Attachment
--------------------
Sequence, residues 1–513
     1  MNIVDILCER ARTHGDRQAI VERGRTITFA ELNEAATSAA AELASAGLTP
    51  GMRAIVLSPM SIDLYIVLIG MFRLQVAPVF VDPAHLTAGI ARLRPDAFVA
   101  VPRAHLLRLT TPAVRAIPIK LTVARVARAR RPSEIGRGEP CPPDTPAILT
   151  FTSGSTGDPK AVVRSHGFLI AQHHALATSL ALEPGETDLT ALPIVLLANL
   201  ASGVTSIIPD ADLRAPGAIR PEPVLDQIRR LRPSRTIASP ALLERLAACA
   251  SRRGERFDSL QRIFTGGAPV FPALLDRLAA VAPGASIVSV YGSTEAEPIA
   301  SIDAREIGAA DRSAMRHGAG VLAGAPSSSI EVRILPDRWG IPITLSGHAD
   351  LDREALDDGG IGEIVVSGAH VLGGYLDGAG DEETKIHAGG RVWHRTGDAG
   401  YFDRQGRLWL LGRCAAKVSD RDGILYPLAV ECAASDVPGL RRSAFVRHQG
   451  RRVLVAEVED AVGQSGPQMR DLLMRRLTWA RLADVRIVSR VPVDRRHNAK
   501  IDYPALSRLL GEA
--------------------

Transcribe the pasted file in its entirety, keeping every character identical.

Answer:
Sequence, residues 1–513
     1  MNIVDILCER ARTHGDRQAI VERGRTITFA ELNEAATSAA AELASAGLTP
    51  GMRAIVLSPM SIDLYIVLIG MFRLQVAPVF VDPAHLTAGI ARLRPDAFVA
   101  VPRAHLLRLT TPAVRAIPIK LTVARVARAR RPSEIGRGEP CPPDTPAILT
   151  FTSGSTGDPK AVVRSHGFLI AQHHALATSL ALEPGETDLT ALPIVLLANL
   201  ASGVTSIIPD ADLRAPGAIR PEPVLDQIRR LRPSRTIASP ALLERLAACA
   251  SRRGERFDSL QRIFTGGAPV FPALLDRLAA VAPGASIVSV YGSTEAEPIA
   301  SIDAREIGAA DRSAMRHGAG VLAGAPSSSI EVRILPDRWG IPITLSGHAD
   351  LDREALDDGG IGEIVVSGAH VLGGYLDGAG DEETKIHAGG RVWHRTGDAG
   401  YFDRQGRLWL LGRCAAKVSD RDGILYPLAV ECAASDVPGL RRSAFVRHQG
   451  RRVLVAEVED AVGQSGPQMR DLLMRRLTWA RLADVRIVSR VPVDRRHNAK
   501  IDYPALSRLL GEA